Somewhere To Go – Moreton Island QLD – Part Two
By David Wilson
For those who missed it >>>> Moreton Island QLD – Part One
Last week we hopped on board the MICAT, a 400 passenger car ferry operating between Port of Brisbane and the gorgeous Moreton Island. We’ve successfully navigated up to the hamlet of Bulwer where Moreton Island Adventures (MIA) Castaways operation throws out the welcome mat with great accommodation, meals and drinks… and chocolate brownies!
It’s time to head north to Cape Moreton and beyond… read on!
Now if the tide is low you’ve got a couple of options. One is to head inland and pick up the Bulwer-Blue Lagoon Road to the Bulwer-North Point Road and on up to North Point and Cape Moreton, but that’d be missing out on the beauty of Tailor Bight, the island’s most westerly point, but you’ll only be able to access that on a low tide, so again check the chart before you come over.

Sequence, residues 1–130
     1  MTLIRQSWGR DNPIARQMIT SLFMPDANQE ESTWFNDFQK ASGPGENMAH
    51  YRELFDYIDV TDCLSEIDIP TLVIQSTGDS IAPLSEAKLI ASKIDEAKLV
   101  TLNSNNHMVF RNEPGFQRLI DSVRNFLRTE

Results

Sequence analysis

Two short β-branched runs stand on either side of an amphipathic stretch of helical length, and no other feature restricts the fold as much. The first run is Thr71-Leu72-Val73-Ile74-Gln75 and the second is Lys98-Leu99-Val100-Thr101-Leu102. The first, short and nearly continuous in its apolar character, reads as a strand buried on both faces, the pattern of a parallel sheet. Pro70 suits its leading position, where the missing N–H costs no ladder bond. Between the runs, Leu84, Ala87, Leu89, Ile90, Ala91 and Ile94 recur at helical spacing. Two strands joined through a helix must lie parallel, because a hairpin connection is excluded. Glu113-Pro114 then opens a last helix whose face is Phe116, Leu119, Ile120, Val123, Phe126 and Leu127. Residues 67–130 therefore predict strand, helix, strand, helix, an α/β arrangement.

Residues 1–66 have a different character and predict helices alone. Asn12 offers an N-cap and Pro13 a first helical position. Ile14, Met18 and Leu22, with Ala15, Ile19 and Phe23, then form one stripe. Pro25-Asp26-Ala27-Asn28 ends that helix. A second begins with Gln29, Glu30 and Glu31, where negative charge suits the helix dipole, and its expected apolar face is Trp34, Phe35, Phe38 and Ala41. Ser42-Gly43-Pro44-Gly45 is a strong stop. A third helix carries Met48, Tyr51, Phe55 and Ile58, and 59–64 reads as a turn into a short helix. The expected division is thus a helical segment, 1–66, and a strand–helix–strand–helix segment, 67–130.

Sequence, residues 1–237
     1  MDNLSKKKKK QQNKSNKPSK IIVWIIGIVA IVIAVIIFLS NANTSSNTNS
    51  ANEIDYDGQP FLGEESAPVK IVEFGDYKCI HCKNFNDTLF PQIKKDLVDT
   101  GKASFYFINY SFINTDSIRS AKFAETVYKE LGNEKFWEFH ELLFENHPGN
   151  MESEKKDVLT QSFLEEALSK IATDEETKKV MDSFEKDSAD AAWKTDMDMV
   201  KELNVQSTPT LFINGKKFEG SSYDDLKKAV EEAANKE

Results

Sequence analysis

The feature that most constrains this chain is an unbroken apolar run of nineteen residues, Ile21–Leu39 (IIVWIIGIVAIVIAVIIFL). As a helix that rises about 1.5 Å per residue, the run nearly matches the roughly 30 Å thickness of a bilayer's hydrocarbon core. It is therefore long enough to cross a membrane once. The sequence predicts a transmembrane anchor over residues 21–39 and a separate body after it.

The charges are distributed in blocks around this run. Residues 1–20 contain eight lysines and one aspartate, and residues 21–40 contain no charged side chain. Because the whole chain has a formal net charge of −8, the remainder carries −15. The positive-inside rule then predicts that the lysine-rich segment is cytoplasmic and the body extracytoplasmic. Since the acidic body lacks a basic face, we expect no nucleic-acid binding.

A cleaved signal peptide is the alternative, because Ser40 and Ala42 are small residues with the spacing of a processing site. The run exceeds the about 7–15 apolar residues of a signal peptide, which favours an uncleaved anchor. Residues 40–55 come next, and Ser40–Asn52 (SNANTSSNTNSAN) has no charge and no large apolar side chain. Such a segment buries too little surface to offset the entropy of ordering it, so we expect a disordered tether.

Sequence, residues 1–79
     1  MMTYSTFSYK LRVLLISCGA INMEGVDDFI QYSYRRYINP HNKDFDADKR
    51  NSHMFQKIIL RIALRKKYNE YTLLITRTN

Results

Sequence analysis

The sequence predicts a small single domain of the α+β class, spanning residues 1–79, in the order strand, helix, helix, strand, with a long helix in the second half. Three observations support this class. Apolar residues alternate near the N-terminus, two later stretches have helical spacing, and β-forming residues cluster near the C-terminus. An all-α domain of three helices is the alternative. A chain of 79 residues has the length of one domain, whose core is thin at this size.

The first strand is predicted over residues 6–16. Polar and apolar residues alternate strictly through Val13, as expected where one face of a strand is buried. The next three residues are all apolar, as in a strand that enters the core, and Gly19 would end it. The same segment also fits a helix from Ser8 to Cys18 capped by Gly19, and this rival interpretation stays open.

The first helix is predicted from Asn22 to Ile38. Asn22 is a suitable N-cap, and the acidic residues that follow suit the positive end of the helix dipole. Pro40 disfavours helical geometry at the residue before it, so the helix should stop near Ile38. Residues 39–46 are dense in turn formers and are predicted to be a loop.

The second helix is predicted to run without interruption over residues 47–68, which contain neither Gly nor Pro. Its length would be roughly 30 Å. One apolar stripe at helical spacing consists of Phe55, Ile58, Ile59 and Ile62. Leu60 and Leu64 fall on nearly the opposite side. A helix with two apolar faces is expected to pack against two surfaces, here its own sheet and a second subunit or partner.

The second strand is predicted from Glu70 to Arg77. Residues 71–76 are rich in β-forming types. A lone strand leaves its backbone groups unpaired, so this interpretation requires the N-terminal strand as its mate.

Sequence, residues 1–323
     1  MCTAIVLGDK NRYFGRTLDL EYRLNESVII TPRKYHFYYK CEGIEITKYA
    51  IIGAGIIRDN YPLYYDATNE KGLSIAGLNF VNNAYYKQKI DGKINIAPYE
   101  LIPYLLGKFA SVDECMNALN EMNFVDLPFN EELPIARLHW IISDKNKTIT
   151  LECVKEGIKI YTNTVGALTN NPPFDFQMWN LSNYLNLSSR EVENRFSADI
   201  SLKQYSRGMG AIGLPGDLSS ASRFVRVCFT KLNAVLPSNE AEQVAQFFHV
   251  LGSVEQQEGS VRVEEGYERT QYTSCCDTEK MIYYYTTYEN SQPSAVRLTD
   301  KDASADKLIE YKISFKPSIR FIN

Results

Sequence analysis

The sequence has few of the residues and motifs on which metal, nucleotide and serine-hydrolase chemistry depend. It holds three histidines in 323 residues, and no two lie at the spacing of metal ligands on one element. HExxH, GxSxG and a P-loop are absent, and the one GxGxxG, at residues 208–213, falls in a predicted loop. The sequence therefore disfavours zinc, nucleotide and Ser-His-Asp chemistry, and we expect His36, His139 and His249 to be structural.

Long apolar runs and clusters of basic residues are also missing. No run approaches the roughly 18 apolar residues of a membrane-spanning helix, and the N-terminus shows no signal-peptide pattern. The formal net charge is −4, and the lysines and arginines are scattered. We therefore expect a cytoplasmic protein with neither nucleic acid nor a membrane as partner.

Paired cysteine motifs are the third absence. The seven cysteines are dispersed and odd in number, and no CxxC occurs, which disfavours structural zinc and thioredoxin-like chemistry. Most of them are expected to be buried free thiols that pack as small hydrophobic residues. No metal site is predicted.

On a couple of my visits I’ve been lucky and the tide has been kind so the journey heading west has been a cinch. From the Bulwer wrecks the beach is in the shelter of the peninsula, so the going is pretty easy and then once around the corner is quite a sight, a stretch of beach where over decades if not centuries, sand has been captured from its southern drift and parked here in a broad expanse, a Tassie-shaped wedge of white sands.
Following the perimeter of the build-up at the waters-edge and now heading north-east you’ll find the vegetation once more fringing the beach, a line of casuarinas (she-oaks) stands as a bastion against big seas and holding the fore-dune together.